Rasmussen grew up on a Wisconsin dairy farm before attending the University of Wisconsin, where she majored in agronomy and dairy sciences. Her master’s degree in horticulture also came from UW. She previously worked as a field rep for Del Monte and agriculture project supervisor at UW.
Rasmussen enjoys horseback riding with her family, including two daughters, and camping in the Idaho mountains.
Victoria Wright, Black Gold Farms, Regional Agronomist
While studying crop and soil sciences technology at Michigan State University, Victoria Wright served an internship at a co-operative farming operation. Wright grew up showing animals in 4-H and had some mild exposure to farming through her father and uncle’s 70 acres, but it was the internship where she really got to see crop production up close. Field corn, soybeans and watermelon were among the crops she surveyed, but it was potatoes that peaked her interest.
“I knew then I wanted to be a potato farmer,” Wright said. “I love how intensive they are. It is something different every year. They are 100% fast-paced, and that’s exactly the way I am.”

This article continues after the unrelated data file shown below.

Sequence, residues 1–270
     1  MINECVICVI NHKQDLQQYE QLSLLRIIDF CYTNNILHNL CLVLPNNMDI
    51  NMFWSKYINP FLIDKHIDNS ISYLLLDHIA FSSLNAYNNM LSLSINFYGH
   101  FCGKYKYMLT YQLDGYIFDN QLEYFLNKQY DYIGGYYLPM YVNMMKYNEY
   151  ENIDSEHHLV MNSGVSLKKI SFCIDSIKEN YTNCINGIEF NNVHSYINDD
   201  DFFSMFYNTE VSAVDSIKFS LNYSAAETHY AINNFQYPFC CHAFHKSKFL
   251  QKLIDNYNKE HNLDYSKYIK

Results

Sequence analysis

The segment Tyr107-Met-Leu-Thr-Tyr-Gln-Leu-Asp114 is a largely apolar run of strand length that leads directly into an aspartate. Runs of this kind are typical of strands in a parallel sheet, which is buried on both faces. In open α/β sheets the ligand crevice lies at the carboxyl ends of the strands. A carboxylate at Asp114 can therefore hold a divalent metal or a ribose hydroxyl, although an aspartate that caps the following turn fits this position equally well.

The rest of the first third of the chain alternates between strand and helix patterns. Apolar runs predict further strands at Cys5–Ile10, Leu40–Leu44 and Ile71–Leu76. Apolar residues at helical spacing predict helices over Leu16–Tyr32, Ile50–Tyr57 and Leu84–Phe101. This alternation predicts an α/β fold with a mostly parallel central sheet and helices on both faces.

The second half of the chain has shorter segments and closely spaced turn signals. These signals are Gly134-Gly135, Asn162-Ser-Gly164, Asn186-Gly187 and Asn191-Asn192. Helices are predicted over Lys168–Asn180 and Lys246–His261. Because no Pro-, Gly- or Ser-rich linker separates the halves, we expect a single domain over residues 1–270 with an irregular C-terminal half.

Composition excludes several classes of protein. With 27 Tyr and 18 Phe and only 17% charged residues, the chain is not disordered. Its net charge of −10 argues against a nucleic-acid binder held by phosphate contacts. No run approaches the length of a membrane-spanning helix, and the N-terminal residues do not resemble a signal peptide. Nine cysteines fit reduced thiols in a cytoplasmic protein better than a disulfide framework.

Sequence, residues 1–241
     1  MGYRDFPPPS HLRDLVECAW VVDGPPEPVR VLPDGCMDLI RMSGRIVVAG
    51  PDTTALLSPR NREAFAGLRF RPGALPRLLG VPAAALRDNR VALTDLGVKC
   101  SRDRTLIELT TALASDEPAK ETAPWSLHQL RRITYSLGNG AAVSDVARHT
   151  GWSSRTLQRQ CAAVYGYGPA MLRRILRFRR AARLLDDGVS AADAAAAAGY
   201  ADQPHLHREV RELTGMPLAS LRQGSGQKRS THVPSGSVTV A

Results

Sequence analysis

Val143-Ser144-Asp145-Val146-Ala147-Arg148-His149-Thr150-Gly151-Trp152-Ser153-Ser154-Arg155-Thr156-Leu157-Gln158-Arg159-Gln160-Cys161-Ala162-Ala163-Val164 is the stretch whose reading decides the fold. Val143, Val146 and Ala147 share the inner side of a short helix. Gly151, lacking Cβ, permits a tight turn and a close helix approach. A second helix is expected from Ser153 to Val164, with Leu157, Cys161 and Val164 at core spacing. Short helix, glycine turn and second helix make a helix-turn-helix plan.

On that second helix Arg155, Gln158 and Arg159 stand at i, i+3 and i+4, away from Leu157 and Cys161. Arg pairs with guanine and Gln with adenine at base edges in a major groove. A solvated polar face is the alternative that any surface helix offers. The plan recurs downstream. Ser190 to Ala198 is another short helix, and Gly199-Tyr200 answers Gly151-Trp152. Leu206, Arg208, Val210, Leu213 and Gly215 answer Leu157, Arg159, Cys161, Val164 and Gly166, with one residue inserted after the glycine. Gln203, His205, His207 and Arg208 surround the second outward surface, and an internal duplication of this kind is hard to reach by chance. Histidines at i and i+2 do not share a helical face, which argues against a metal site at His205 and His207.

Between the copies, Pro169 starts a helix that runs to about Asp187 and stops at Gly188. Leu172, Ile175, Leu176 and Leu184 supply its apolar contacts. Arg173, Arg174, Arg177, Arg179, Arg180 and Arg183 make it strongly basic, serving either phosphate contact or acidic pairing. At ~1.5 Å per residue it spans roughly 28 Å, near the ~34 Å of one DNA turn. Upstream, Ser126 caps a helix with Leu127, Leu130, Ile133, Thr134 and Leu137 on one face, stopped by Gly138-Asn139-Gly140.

Wright was hired by Black Gold Farms after graduating from MSU in 2017. She currently serves as a regional agronomist and works 6,000 acres between Black Gold’s Sturgis, Michigan and Winamac, Indiana operations. She is involved in all inputs of the crop, from seed selection all the way to harvest.
“Victoria has a passion for farming and it shows in her everyday activities,” said Black Gold CEO Eric Halverson. “She is the first to volunteer to help and goes above and beyond her duties as an agronomist. She has an amazing understanding of how to grow a crop from start to finish.”
Wright also helps teach students agriculture at a local community college. “She brings a positive attitude each day and makes her team better and the culture at the farm better,” added Halverson.
Wright enjoys snowboarding during the winter months, as well as spending time with her family — including three nieces — and friends. From mid-March through the end of October, however, you’re likely to find her on the farm.